Operation Barbarossa and Germany's Defeat in the East Cambridge Military Histories

Operation Barbarossa and Germany's Defeat in the East Cambridge Military Histories❮KINDLE❯ ❦ Operation Barbarossa and Germany's Defeat in the East Cambridge Military Histories ❅ Author David Stahel – Oaklandjobs.co.uk Operation Barbarossa the German invasion of the Soviet Union began the largest and most costly campaign in military history Its failure was a key turning point of the Second World War The operation wa Operation Barbarossa the German invasion and Germany's Kindle × of the Soviet Union began the largest and most costly campaign in military history Its failure was a key turning point of the Second World War The operation was planned as a Blitzkrieg to win Germany its Lebensraum in the East and the summer of is well known for the German army's unprecedented victories and advances Yet the German Blitzkrieg depended almost entirely upon the motorised Panzer groups particularly those of Army Group Centre Using previously unpublished archival records David Stahel presents a new history of Germany's summer Operation Barbarossa PDF/EPUB or campaign from the perspective of the two largest and most powerful Panzer groups on the Eastern front Stahel's research provides a fundamental reassessment of Germany's war against the Soviet Union highlighting the prodigious internal problems of the vital Panzer forces and revealing that their demise in the earliest phase of the war undermined the whole German invasion. An in depth examination of the planning and execution of the invasion of the Soviet Union by Nazi Germany why Operation Barbarossa failed and how this failure became the decisive campaign of the Second World War dooming the Germans to defeat Cogently written the focus of the narrative is the battles of Army Group Center the most powerful and important of the three army groups deployed and its battles up until the end of August 1941 as well as the resulting conflicts within the German high command as the campaign progressed Dr Stahel maintains that the Wehrmacht never really had the slightest chance of winning this battle and he skillfully uses the sources to back up his contention Without going into too many details here's how it went down Firstly the level of German military economic and geographic intelligence about the Soviet Union was abysmal Secondly the profoundly racist outlook of the Nazi state absurdly inflated the abilities of the German military The German soldier can do anything and belittled the combat capabilities of the Russians who turned out to be able to fight much harder and skillfully than expected as the Germans themselves would ruefully admit The operational concept of the invasion was deeply flawed as well expecting that the Red Army would be destroyed in the first 6 to 8 weeks of the campaign before the Germans would reach the Dnepr Dvina line Finally given the vast distances involved the logistical resources available to support this huge battle were utterly inadeuate to the task One should remember as I pointed out that the emphasis in this book is on the progress of AG Center and that the maps excellent reprints from books by David Glantz are only of that unit It's hard to argue with Dr Stahel's conclusion that the professional reputations of the German officers who planned and carried out Operation Barbarossa have been inflated beyond their true uality An important addition to our knowledge of the Eastern Front in WWII This is one of the most interesting books I have read recently The research is excellent and well presented with detailed information and a logical format It certainly shows a reality away from the myth that is so often stated You might go into this book with the idea of German military supremacy and you will see how actually this isn't necessarily the case What is an important point in this book is comparing the contemporary reports and diaries with the post war versions published by many of the generals involved It is interesting to note the difference and lack of co operation It is also interesting to see the condition of the Red Army at this time and the differences in area commands and euipment For anyone wanting to know about the myth about the Soviets planning to invade Germany this is also covered in the book in some detailThis is a great book for anyone who already has knowledge or wants to read The author's premise is that the outcome of the Nazi invasion of the Soviet Union was determined not by the long winter or the strength of the Soviet army Rather it was determined by German arrogance a lack of planning for logistics and the amazing lack of intelligence gathering before the invasion The book makes a good case for all of these factors However it does not persuade me that the war could not have been won on the Eastern front even after The initial operation failed Many factors including the US entering the war may have been decisive The author makes the additional case that Hitler truly felt that Churchill would see Germany's attack on the Soviet a union as a good thing and negotiate a peace And that the systematic annihilation of the Jews began when he perceived that his prediction of a world war started by Jews was beginning to occur when Churchill and Roosevelt met and began to supply the Soviet Union Fascinating but FlawedI can’t uite remember when Operation Barbarossa first started to establish itself as a major element in my intellectual and imaginative world Perhaps the seed was planted by Al Stewart’s song “Roads to Moscow” or perhaps it was the “Barbarossa” episode of “The World at War” In any case it was the latter that laid down the template for the dominant narrative of Barbarossa as I understood it massive German successes in the early stages scuppered by Hitler’s strategic blunders and the Russian ability to take advantage of those blunders through sheer weight of numbersDavid Stahel’s substantial book aims to rewrite the dominant narrative replacing it with a nuanced picture and arguing that Germany’s defeat on the Eastern Front was assured from the moment that the opening Blitzkrieg failed to destroy the Red Army’s capacity to resist; in Stahel’s telling Germany’s attack was doomed from the start undermined by bad planning unrealistic expectations inadeuate logistic provision underestimation of the enemy’s capacities unclear strategic aims and a divided leadership group working at cross purposesStahel’s makes a convincing indeed an exhausting case His book is particularly strong when he covers the technicaloperationaltactical levels painting a clear picture of how the German army’s poor logistics and inadeuate numbers created a dynamic whereby the ever expanding front could not be defended and the offensive spearhead could not press forward to deliver the necessary knock out blowThe research is rich and detailed and the content eually so My main caveats concern focus and editing sometimes the narrative switches tracks without sufficient signposting; the text is somewhat repetitive; and the prose is overly heavy with adjectives and woefully short of appropriate commas There’s also a puzzling lack of attention paid to the interrelationship between the campaign and the mass killing that came in its wake even though Stahel touches on this aspect in his Conclusion for me it is not really covered explicitly enough in the text for him to warrant his conclusions in this regardOverall though I found this very impressive and it has enriched and transformed my understanding of Barbarossa over June August 1941 Stahel has written a series of books on the subseuent phases of the Eastern Front war and I look forward to reading those too with eual profit There are myths surrounding operation Barbarossa the 1941 Nazi Germany invasion of the Soviet Union that persist in the popular imagination to this day For all appearances the Germans were invincible they conuered vast territory defeated many Russian armies who must have fought very poorly or not at all evidenced by the millions of prisoners the Germans took in the process They would have reached Moscow were they not thwarted by severe winter weather and snow In short as if in a retelling of a Norse saga they were only defeated because they dared defy the gods of natural elements As meticulous scholarship has shown nothing could have been further from the truth In books such as Weinberg's the World at Arms Tooze's the Wages of Destruction Glantz's Barbarossa Derailed and here Stahel's Operation Barbarossa and Germany's Defeat in the East the origin of the defeat was revealed rooted in German calculations and actions and Russian reactions not in the elements which as Glantz and others wryly commented happen to affect both parties Germany did not have the strategic depth industrial population to challenge the Russians or for that matter the US and England and certainly not the three together The Germans grossly underestimated their foe who fought the invasion with absolute tenacity and fearsome resistance all the way from the start of the hostilities until the fall of Berlin in 1945 Even in the darkest days of the summer of 1941 the Soviet front never lost its cohesion There were always fresh Soviet armies to fight the next battle Even when surrounded and doomed the Russians again and again fought on Ivan was no push over What Stahel articulates in this book and as such adds to our knowledge of the failure of Barbarossa is a deep understanding of the inchoate German strategic planning the fundamental division of opinion on the objectives of the war that emerged between Hitler and the army leadership which resulted in inescapable confusion and problems as the operation went underway Whereas Hitler focused on destroying Russian forces and conuering Russian territory that is relevant economically to the outcome of the global war with Moscow being a secondary objective the army leadership focused obsessively on the need to take Moscow as the pivotal knockout event of the war This basic confusion about the aims of the war lead to a serious clash of visions that was detrimental to the execution and outcome of the operation By focusing on German archives Stahel documents gross incompetence when it comes to the planning of Barbarossa by the German staff inability to properly size up their enemy without blinkers and racial biases and a sense of smug superiority that blinded the German staff to the results of their own war games and analyses Ironically the latter were conducted by none other than Friedrich Paulus of Stalingrad fame who on the eve of Barbarossa was deputy chief of the General Staff The Germans threw themselves into battle with little understanding of the foe they were to face We now know through the work of Stahel Glantz and others that militarily Brabarossa did not fail at the gates of Moscow but much earlier perhaps as early as the summer battles of Smolensk With Stahel's analysis the failure occurred even earlier at the planning and staging phases Stahel's is a carefully researched book on the subject that is a pleasure to read though it does demand patient attention It is focused exclusively on the German archives which is a limitation though not a shortcoming as such For the student of WWII other books that explore the Russian and other archives would nicely complement Stahel's research Overall very highly recommended A very detailed look at the first two months of Operation Barbarossa from the perspective of German Army Group Central It shows how Germany totally underestimated the resolve of the Red Army and over estimated their logistics ability The grinding down of the German Blitzkrieg and lack of agreement on strategic objectives meant the German Army could not defeat the Soviet Union in 1941 which essentially meant they could not win the war Making the same mistakes as Napoleon Germany essentially lost the war the day they invaded as did Napoleon It was not the winter weather it was the distances lack of infrastructure and total inability to resupply men and machines lost The High Command from Hitler on down were unable to see the problems or admit them To a great extent it was because they were fighting based on the lessons of the First World War ExemplaryWhile I consider myself somewhat better versed in the details of the German Soviet war than most this bracing study broadened and deepened my understanding of this most merciless of modern conflicts His contention that Barbarossa’s failure doomed the German effort Stalingrad and other assaults notwithstanding appears ably supported by deep research and convinced me which is always a delight This is an excellent history and analysis of the German campaign to conuer Russia in 1941 Stahel's core argument is that once Germany failed to achieve a blitzkrieg knockout of Russia in the summer of 1941 it was locked into a long war of attrition that it could never win Readers may uarrel with his conclusions but his analyses are deeply researched and closely argued This is a coherent and lucid analysis much of which profoundly refutes an enormous body of prior study which had generally viewed the 1941 campaign as generally successful with the turning point of the Eastern war being Germany's defeat at Stalingrad Stahel identifies many critical errors that doomed the campaign but the points he returns to are bad planning and terrible logistics The planning process was corrupted by the German high command's arrogant belief that the putative superiority of the German army would result in a fast collapse of the Russian forces That premise was uickly refuted; while the Russian military leadership was disorganized and weak the Russians fought tenaciously and inflicted casualties that deeply weakened the German army Despite this mounting evidence however the Germans generals continued to believe the Russians were beaten and their collapse imminentGerman logistics also failed in ways that undermined the war effort From early on the campaign was chewing up German tanks and vehicles both through combat and the rigors of fighting through swamps and bad roads The Germans failed to anticipate these problems or to address them after they developed resulting in the German army being chronically below full fighting strength Even ammunition was shortThe German generals were also riven by internal jealousies and disputes with Hitler over tactical objectivesStahel makes a further point that after the war the German generals and some historians tried to distance the army from Nazism and portray it as an honorable servant of the state Stahel shows that position to be false that the high command enthusiastically supported Hitler and carried out atrocities in the Russia campaign Opposition to Hitler emerged only after the war was lost he contendsStahel's conclusion is that by failing to conuer Russia in 1941 Germany's subseuent defeat was foreordained Not everyone will agree with that conclusion but all serious students of the war will recognize the powerful and persuasive scholarship that Stahel marshals to support his theories This is an important contribution to understanding the war in the East Very vivid and gory detail of war and it's impact especially when the leaders on both sides Hitler Stalin prepared to sacrifice everything for their megalomaniac idea of human society The author goes to great pain to justify with facts and evidence how absurd was Hitler's ambition and Stalin's counter strategy; with Soviet's best generals already sent to GulagAfter the first few exciting chapters about brilliant Wehrmacht strategy that lead to uick wins emerge the the horrific details One can't help but have an unsettling feeling in the stomach about the real conseuences of a war In fact I felt very sorry for those eastern Europe civilians that bore the brunt I couldn't help but uit reading after the middle chaptersNot for the faint of the heart If you’ve ever wondered how Germany could advance so deeply and so swiftly in the heart of European Russia and then fail to defeat Russia you must read this book It is an excellent recounting of why the invasion of Russia in 1941 code named Barbarossa failed It is told primarily from the standpoint of the German perspective What were their plans who were the critical field generals as well as the High Command members and of course Hitler All the mistakes are there and explained both the planning mistakes and the errors in execution of the plan This is a very readable history and very informative recounting of the war in the East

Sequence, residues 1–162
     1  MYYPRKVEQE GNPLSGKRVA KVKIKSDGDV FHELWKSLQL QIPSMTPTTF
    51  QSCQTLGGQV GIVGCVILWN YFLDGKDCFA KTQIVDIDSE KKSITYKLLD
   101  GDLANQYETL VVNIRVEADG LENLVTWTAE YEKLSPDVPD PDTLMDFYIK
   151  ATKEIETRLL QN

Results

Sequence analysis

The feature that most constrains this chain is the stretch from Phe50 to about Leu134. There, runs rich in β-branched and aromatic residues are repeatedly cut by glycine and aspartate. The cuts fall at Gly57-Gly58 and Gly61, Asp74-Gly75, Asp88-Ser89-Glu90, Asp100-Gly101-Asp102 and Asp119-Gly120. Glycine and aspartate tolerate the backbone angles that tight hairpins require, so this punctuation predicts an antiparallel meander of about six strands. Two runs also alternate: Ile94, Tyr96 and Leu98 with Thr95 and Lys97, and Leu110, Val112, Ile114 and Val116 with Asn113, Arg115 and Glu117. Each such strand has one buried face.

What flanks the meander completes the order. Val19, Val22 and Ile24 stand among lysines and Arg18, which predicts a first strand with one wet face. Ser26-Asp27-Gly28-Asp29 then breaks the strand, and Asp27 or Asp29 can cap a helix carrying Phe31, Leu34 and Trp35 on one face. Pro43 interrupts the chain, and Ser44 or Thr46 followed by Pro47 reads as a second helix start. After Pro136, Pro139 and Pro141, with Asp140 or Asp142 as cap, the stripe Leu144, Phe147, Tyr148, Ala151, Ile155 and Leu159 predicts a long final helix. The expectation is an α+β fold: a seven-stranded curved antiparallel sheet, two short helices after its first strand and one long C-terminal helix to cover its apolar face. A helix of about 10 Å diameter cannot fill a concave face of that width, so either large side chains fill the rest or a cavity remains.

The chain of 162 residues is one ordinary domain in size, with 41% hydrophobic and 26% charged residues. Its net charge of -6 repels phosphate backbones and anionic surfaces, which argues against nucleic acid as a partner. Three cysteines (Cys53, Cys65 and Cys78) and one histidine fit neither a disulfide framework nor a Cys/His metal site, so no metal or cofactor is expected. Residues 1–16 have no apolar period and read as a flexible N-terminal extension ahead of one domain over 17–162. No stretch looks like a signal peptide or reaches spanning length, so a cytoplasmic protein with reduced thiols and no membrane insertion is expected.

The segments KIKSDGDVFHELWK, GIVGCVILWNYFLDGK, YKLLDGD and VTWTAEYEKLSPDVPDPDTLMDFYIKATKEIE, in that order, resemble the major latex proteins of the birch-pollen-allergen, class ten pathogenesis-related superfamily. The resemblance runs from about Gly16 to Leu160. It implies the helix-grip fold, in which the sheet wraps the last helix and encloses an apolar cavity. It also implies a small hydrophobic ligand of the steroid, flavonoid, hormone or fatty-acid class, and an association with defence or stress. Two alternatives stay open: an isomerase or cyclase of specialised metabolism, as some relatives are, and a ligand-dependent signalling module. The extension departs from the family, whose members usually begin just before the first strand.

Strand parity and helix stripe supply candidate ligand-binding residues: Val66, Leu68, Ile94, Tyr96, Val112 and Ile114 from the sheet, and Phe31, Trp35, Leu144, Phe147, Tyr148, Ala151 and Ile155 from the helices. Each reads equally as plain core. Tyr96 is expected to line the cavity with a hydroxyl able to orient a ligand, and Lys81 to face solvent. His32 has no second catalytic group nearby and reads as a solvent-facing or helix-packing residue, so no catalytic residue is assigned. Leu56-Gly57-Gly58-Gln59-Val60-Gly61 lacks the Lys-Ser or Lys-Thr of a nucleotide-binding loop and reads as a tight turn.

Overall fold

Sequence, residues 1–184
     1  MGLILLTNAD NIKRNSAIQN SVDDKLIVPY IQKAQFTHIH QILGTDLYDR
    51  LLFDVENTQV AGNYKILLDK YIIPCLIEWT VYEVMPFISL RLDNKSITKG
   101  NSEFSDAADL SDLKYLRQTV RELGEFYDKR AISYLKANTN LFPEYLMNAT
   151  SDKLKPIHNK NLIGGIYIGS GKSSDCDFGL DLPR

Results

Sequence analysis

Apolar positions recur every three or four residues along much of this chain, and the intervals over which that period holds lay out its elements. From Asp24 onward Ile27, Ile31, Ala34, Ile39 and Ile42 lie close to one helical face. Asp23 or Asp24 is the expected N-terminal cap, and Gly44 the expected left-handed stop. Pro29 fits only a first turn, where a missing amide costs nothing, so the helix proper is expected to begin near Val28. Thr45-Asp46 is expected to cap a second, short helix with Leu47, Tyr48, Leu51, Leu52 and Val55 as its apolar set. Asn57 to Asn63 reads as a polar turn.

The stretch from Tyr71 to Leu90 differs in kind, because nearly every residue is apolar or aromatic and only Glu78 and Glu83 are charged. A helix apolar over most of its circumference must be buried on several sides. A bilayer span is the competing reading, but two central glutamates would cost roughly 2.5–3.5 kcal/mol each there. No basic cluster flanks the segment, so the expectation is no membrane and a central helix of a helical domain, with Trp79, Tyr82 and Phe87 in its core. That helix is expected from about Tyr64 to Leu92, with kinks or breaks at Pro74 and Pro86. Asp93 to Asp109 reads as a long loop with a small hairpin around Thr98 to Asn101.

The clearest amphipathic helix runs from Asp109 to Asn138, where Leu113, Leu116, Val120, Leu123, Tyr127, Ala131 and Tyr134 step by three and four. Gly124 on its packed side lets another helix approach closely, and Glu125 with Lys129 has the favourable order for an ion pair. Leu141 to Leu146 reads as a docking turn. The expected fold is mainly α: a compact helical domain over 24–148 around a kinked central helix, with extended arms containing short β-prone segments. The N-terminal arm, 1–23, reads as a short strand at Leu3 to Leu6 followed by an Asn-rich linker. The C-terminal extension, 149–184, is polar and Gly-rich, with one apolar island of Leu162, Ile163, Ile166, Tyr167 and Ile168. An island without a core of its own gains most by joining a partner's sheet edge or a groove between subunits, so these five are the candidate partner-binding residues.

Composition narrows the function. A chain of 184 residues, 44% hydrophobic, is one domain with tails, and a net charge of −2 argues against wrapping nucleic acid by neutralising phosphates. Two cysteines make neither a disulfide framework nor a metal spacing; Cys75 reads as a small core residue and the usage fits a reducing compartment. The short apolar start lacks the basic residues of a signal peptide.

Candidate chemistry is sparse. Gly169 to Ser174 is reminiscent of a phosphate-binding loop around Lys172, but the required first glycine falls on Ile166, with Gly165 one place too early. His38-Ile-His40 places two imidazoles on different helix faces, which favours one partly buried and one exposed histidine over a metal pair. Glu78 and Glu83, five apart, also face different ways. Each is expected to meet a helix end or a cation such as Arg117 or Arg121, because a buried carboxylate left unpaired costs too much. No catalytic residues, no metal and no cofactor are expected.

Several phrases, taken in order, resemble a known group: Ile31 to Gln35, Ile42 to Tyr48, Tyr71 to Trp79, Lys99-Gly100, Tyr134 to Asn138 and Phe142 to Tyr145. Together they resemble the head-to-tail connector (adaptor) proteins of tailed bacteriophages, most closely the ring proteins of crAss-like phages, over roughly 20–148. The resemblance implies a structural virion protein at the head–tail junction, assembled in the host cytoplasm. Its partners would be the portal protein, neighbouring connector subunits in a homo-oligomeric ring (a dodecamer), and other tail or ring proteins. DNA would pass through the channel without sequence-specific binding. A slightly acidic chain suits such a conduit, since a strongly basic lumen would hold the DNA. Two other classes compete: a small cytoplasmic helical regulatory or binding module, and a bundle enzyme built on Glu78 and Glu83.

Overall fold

Operation Barbarossa and Germany's Defeat in the East
  • Hardcover
  • 483 pages
  • Operation Barbarossa and Germany's Defeat in the East Cambridge Military Histories
  • David Stahel
  • English
  • 27 May 2016
  • 9780521768474